Popular English Idioms & Their Interpretation - SYL
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Popular English Idioms and Their Interpretation

English is not extremely hard to learn unlike many other languages like Chinese or Arabic, but the common slang, expressions and idioms can sometimes be hard to understand or translate word-to-word. When you hire a professional interpreter or translator, they should understand these as they are usually native speakers of the languages, but other translators or online translation tools might fail.

 

But what is an idiom?

An idiom is a phrase that is used as a common expression, but its interpretation is different from the meaning of words in the praise.

As a leading translation company in Australia, we have put together some popular idioms in the English language along with their interpretation.

 

A blessing in disguise
Interpretation: Something that seemed bad at the start while it actually is good.

A dime a dozen
Interpretation: A quite common thing to happen. Not unique.

Adding insult to injury
Interpretation: When a situation is bad, and you do something that makes it worse.

Beat around the bush
Interpretation: Fail to get to the point.

Flogging a dead horse
Interpretation: Putting effort into something that will just not work.

Bite the bullet
Interpretation: To deal with a situation that is uncomfortable so that it will eventually come to an end.

Best of both worlds
Interpretation: A solution that combines the advantages of two contrasting options.

Biting off more than you can chew
Interpretation: Taking on too much work.

By the skin of your teeth
Interpretation: Barely getting away something.

Don’t judge a book by its cover
Interpretation: Not judging someone or something by their looks alone.

Doing something at the drop of a hat
Interpretation: Doing something without hesitation or good reason.

Don’t count your chickens before they hatch
Interpretation: Don’t plan based on assumptions.

Caught between a rock and a hard place
Interpretation: Having to choose between two unfavourable options.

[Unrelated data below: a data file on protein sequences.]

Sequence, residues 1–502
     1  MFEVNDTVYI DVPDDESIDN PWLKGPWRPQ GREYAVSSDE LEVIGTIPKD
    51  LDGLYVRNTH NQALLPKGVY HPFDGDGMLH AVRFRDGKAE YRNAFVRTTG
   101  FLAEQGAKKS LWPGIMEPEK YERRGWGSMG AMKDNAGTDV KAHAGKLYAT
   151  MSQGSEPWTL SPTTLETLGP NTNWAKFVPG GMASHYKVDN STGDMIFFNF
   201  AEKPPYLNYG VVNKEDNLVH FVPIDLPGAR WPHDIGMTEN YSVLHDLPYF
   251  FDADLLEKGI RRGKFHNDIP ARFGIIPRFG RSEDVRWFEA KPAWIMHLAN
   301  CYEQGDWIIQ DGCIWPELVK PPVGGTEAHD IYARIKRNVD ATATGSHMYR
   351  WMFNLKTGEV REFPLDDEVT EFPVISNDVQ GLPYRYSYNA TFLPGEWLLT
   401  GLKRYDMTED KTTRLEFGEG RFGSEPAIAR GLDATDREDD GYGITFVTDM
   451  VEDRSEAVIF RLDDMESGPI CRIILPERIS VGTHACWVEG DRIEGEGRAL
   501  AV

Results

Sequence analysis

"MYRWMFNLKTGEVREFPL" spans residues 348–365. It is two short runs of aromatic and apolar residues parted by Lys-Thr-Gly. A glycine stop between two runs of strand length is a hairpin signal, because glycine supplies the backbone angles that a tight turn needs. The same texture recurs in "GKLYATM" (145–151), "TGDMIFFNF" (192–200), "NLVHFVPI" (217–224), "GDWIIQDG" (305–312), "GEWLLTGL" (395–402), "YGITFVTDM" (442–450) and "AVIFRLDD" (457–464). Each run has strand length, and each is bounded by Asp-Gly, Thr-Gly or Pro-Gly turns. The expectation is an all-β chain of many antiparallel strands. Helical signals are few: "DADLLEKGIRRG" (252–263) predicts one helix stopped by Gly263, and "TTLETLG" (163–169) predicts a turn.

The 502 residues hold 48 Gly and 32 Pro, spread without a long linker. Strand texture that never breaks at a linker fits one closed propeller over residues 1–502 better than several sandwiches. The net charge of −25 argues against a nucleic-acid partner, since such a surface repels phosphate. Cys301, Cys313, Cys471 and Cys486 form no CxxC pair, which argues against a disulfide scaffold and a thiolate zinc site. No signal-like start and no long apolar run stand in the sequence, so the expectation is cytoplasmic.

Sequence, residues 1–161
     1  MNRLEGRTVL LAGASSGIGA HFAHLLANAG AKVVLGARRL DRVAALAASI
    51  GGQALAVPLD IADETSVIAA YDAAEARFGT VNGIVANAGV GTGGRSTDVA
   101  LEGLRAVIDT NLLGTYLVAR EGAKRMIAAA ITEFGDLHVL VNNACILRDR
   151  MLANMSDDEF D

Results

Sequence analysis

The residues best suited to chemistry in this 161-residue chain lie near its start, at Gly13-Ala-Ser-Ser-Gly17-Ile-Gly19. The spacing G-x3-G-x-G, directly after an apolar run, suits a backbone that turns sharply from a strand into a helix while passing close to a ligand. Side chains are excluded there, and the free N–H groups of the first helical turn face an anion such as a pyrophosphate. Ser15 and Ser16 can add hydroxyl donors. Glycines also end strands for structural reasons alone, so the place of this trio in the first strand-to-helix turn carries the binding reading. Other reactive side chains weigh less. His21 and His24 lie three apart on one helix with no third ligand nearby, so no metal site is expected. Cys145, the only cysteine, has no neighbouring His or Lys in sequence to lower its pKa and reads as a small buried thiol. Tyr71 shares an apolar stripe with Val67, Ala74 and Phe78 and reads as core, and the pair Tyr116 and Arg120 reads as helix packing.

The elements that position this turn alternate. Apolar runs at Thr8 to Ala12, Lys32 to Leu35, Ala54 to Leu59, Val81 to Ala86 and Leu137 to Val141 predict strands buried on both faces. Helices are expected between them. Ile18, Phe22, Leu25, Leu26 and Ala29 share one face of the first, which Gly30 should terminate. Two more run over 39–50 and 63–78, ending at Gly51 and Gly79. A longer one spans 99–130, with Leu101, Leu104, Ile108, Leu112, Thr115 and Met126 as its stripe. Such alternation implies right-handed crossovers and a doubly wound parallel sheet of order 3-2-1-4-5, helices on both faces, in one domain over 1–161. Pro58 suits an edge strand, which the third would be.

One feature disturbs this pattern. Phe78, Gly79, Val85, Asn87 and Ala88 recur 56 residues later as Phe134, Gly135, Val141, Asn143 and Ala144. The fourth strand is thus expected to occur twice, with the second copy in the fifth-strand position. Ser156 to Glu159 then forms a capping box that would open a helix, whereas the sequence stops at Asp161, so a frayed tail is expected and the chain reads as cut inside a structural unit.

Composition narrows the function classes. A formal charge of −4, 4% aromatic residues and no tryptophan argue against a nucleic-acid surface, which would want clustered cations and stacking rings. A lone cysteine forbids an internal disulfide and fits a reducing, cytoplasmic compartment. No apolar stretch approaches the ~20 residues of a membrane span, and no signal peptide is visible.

Costs an arm and a leg
Interpretation: A high priced item or service.

Cutting corners
Interpretation: to do something in the easiest, cheapest, or fastest way, perhaps unwisely.

Devil’s advocate
Interpretation: Being on the side of the counterargument to defend the alternative point of view.

Feeling under the weather
Interpretation: Not feeling the best.

Fit as a fiddle
Interpretation: In a healthy state.

Getting a taste of your own medicine
Interpretation: Being treated back the same way as you have been treating others.

Getting a second wind
Interpretation: Regaining energy again after being drained.

Giving the benefit of the doubt
Interpretation: Trying to believe someone without proof.

Giving someone the cold shoulder
Interpretation: Ignoring someone on purpose.

Going on a wild goose chase
Interpretation: Doing something that is meaningless.

Heard it on the grapevine
Interpretation: Overheard rumours.

Hit the nail on the head
Interpretation: To precisely defining a situation.

Killing two birds with one stone
Interpretation: Achieve two goals or completing two different tasks with one action.

Letting the cat out of the bag
Interpretation: Sharing confidential information.

No pain, no gain
Interpretation: If you do not work harder, you won’t achieve your goals.

Once in a blue moon
Interpretation: An event that does not often recur.

Piece of cake
Interpretation: A very easy task.

Pulling someone’s leg
Interpretation: Having a joke with someone

Speak of the devil
Interpretation: When you mention someone and he or she shows up.

Stealing someone’s thunder
Interpretation: Claiming credit for someone else’s work.

Straight from the horse’s mouth
Interpretation: Getting the news or statement from the original source.

The last straw
Interpretation: The final difficulty that breaks the entire situation.

The elephant in the room
Interpretation: An issue, person, or problem that someone is trying to avoid mentioning.

Your guess is as good as mine
Interpretation: To be clueless about something.